RECOGNIZE to RECOVER is U.S. Soccer’s comprehensive player health and safety program aimed at promoting safe play and reducing injuries in soccer players of all ages.
The program, which was developed with the help of medical experts, will provide coaches, players, parents and referees with information, guidance and additional educational materials to improve the prevention and management of injuries.
- U.S. Soccer Announces Recognize to Recover Player Health and Safety Program
- U.S. Soccer Chief Medical Officer and Medical Committee Member Speak In Depth About Recognize to Recover Program
Information about head injuries, including new guidelines regarding concussions, will be included in the program, but other important player health and safety topics such as heat-related illness and injury prevention will also be provided.
Beginning in January 2016, additional areas of focus will be added to the overall program.
For complete information on all U.S. Soccer health and safety initiatives, please visit their Recognize to Recover and Sports Medicine pages on the U.S. Soccer website.
RECOGNIZE TO RECOVER TOPICS
- Concussions and Head Injuries
- Heat-related Illness
Additional topics will be provided starting in January of 2016
A main component of Recognize to Recover is focused on head injuries, including concussions. U.S. Soccer has taken a lead in education, research and proposing rule changes to improve player safety for several years.
U.S. Soccer Concussion Guidelines
In December of 2015, U.S. Soccer unveiled the U.S. Soccer Concussion Initiative that provides information guidelines that will be implemented in January of 2016.
The elements contained in the initiative are intended to give U.S. Soccer Organization Members, as well as players, parents, team/club staff and coaches and referees, guidance and direction when dealing with head injuries and potential head injuries during soccer participation.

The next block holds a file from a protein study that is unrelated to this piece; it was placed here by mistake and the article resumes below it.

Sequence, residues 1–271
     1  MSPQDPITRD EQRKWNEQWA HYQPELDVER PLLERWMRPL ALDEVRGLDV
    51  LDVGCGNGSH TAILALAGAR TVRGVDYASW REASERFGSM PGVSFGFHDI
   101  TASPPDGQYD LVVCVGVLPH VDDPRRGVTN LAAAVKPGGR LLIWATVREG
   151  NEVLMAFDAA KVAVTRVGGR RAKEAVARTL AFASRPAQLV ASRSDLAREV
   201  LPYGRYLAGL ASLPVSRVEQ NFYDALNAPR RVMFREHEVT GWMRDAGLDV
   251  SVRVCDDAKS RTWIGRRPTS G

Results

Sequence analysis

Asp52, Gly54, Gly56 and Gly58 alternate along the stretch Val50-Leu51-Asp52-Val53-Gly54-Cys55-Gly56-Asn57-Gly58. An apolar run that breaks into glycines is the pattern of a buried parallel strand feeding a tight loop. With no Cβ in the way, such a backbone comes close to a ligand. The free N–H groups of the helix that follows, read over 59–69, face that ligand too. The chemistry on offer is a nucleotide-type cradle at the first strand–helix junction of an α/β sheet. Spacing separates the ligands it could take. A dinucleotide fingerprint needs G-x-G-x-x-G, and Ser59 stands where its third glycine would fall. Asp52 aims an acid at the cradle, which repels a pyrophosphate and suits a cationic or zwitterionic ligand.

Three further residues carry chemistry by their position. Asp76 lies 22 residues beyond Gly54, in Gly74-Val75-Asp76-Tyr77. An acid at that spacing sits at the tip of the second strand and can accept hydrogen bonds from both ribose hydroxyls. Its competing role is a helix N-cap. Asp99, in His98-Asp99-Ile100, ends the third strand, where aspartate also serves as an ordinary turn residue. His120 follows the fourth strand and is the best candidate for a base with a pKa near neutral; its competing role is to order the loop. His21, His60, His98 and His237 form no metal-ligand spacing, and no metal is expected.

U.S. Soccer Concussion Initiative
Included in the U.S. Soccer Concussion Initiative are specific changes to rules on substitutions and heading for certain age groups. Those changes included:
- Modify substitution rules to allow players who may have suffered a concussion during games to be evaluated without penalty
- Eliminating heading for children 10 and under, and limiting the amount of heading in practice for children between the ages of 11 and 13.
These are recommendations for youth members because some of the youth members joining in the initiative do not have direct authority at the local level to require the adaption of the rules. Although these are only recommendations, they are based on the advice of the U.S. Soccer medical committee, and therefore U.S. Soccer strongly urges that they be followed.
As noted in the Concussion Initiatives, U.S. Soccer has implemented these rules as requirements for players that are part of U.S. Soccer’s Youth National Teams and the Development Academy. It should be noted that Youth National Teams will continue to be bound by the substitution rules of the events in which they participate.
For more information, please refer to the frequently asked questions, which should help clarify questions regarding the new initiatives.
As the science of evaluating and managing concussions has advanced, key findings emphasize the need for education of players, their families, coaches, medical staffs and the public at large on the signs and symptoms of concussion. There is also a critical need for early identification and proper management of a concussion.
The goal of the U.S. Soccer Concussion Management Program is to provide state of the art education, evaluation and management of concussions among national teams players. The program includes pre-injury baseline testing with comprehensive post-injury follow-up evaluations and return to play protocols.
At the core of the program is a network of sports neuropsychologists who will serve as referral sources for post-injury evaluations and provide team medical staff with important information about a player's post-injury neurocognitive status.
Additional Concussion Information:
- U.S. Soccer National Teams Concussion Testing and Management Process
- U.S. Soccer National Teams Concussion Management and Protocol
- U.S. Soccer National Teams Concussion SCAT3
- U.S. Soccer National Teams Concussion SCAT3 Child
- U.S. Soccer National Teams Concussion Daily Symptoms Checklist
- Concussions - "Let's Take Brain Injuries Out of Play."
- USSF-CDC A Fact Sheet for Athletes
- USSF-CDC A Fact Sheet for Coaches
- USSF-CDC A Fact Sheet for Parents
- Centers for Disease Control and Prevention's Heads Up: Concussion in Sports
- Centers for Disease Control and Prevention's Heads Up: Information for Youth and High School Sports
Heat-related illnesses, such as heat cramps and heat exhaustion can be a serious condition and potentially life-threatening.
Below is a reference for coaches, referees and players that are training in warmer climates. Additionally, the guidelines serve as a guide for match play, hydration breaks and participant safety during extreme temperature conditions.